EHJ editor-in-chief Thomas Lüscher: “It’s quite clear now that the journal is not just about original research, but also about influence and education.”
While impact factors may still be controversial in some corners of science and clinical research, in academic publishing they remain the clearest statement yet of journal quality. This is why the ESC and its journal publishers had such huge cause for celebration last year when the ISI Web of Knowledge announced its impact factors for 2010 and the EHJ’s move into double digits.
This drive to improve the journal’s quality is not just evident in original research articles, but in its full editorial spread, which has seen substantial recent efforts in the range and quality of invited content. “We’ve been extending our news coverage with CardioPulse,” says Lüscher, “and publishing more guidelines, editorials and commentaries. We think these can be extended even further.”
More invited manuscripts is one important strategy for next year, when, in January 2013, the EHJ will become a weekly publication. “It will bring us in line with JACC and Circulation, which are both weekly,” explains Lüscher, “and give us a better reading rhythm. The psychology of reading is changing, and we have to change with it.”
“It’s also quite clear now that the journal is not just about original research, but also about influence and education,” he adds. To illustrate, Lüscher cites the instance of the ESC’s 2009 guidelines on infective endocarditis, which since publication in the EHJ have generated 119 citations but a remarkable 48,000 downloads. “It’s a typical example of how the journal is moving,” says Lüscher. “Here is use by physicians in practice for their own education and resources. It’s not just about impact factor but about the influence the journal is having on the everyday life of physicians.”
Such a huge number of downloaded papers also reflects the publishing drift of medical journals - away from the print-only concept of just a few years ago to one which, eventually, will be electronic only. “It’s not a question of if, but when,” says Lüscher, “but it will happen, probably within the next ten years. Already, we’re well aware that our younger subscribers are online users only, and we’ll see this even more here in Munich when subscribers choose paper or electronic.”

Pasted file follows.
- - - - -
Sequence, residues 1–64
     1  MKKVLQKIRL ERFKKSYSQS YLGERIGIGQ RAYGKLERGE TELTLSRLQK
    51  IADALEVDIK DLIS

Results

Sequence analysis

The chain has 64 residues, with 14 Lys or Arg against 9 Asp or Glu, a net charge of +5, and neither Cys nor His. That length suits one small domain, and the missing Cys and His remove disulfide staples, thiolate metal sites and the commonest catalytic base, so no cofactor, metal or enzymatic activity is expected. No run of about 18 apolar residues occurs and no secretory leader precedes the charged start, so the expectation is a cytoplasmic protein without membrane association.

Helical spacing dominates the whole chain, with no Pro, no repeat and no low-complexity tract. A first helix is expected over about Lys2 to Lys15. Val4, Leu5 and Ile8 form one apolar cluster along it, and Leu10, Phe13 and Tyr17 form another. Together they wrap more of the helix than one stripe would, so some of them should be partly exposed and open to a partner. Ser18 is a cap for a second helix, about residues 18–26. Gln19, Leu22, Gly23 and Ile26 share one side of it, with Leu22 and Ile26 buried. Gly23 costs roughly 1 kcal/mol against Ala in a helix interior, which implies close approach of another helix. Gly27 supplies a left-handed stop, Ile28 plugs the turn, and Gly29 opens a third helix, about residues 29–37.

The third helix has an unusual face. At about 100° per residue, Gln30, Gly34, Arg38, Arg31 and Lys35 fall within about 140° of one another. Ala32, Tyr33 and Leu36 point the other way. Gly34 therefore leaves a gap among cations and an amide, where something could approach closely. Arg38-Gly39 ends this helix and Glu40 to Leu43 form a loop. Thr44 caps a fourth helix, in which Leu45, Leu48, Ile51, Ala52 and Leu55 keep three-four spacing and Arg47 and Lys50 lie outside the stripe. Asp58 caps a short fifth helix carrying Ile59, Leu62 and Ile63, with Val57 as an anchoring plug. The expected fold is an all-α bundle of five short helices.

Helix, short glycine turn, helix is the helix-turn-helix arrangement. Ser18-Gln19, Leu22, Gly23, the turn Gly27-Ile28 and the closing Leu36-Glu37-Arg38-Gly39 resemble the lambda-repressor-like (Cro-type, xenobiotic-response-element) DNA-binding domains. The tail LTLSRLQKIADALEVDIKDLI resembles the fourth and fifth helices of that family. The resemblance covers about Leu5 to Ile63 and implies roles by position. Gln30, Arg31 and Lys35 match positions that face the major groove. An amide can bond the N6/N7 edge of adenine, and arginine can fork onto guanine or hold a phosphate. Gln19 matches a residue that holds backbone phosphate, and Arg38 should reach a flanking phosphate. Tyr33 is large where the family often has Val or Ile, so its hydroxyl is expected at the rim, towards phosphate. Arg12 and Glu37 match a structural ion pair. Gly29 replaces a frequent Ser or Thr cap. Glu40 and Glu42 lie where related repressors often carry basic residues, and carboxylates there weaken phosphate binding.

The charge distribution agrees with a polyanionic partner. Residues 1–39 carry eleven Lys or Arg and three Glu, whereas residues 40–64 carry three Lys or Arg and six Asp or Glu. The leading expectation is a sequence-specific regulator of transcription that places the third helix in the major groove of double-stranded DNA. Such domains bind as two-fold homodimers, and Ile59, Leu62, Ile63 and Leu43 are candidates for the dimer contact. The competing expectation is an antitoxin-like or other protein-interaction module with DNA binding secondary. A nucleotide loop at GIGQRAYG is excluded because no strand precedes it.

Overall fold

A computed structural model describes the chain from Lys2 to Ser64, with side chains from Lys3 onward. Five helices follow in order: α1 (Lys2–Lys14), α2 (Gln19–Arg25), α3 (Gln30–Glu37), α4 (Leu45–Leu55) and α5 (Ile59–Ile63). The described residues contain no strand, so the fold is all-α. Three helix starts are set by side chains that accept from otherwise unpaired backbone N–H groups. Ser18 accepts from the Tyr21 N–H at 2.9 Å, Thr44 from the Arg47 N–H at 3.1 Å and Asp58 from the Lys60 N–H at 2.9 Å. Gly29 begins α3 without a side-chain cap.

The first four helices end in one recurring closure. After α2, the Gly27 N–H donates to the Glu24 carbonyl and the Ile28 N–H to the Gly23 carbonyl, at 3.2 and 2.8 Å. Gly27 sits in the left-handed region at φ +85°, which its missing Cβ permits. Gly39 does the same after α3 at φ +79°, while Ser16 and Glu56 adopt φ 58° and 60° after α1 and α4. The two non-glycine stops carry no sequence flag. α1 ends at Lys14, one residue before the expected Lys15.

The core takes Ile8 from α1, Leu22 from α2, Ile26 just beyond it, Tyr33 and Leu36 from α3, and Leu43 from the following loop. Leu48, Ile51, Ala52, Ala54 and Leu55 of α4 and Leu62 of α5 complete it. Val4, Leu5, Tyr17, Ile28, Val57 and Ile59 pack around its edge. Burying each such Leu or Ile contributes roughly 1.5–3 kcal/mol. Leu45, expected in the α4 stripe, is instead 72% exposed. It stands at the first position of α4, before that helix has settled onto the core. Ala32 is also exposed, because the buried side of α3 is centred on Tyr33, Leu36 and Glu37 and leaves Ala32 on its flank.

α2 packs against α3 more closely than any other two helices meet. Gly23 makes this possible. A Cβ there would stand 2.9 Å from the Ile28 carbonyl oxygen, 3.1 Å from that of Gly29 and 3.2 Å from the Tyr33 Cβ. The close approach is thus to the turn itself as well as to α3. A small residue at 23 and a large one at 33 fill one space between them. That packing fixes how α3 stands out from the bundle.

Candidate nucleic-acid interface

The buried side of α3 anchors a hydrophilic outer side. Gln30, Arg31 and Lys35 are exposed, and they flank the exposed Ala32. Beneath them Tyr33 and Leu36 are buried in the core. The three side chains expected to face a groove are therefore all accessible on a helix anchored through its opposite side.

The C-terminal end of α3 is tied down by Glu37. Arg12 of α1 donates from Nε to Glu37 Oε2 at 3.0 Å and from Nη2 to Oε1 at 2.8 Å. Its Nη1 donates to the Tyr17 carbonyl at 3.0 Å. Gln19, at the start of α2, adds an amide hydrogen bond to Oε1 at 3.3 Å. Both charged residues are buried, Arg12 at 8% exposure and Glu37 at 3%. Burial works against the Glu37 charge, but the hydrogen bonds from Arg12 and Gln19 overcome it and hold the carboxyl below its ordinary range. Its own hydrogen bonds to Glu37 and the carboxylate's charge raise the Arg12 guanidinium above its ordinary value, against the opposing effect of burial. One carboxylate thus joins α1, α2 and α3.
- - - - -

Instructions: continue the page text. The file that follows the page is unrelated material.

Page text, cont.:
With weekly publication the business model of paper publishing - with print and distribution costs - also becomes increasingly challenging. Electronic publication will make the finances of weekly publication more manageable.
However, Lüscher does not expect weekly publication to dilute the quality of the journal, or increase the acceptance rate, which remains at around 10%. “We have been seeing a steady increase in manuscript submissions,” he says, “which this year will rise to around 3700. We anticipate that the growing impact factor and weekly publication will make the journal eve more attractive and continue the trend. It is already a very high rejection rate, which makes more people unhappy than happy with the outcome, but our main aim has to be manuscript quality.
To soften the blow of rejection, the EHJ recently introduced a scheme for transferring good quality rejected papers to appropriate sister titles in the ESC journal family, and this, says Lüscher, is already seeing huge benefits. More than 500 manuscripts have so far been transferred to other ESC titles, from which both the authors (75 papers published so far) and the journals have derived benefit. The European Journal of Heart Failure, for example, increased its impact factor to 4.896 in June, now ranking it in the top twenty of world cardiology journals.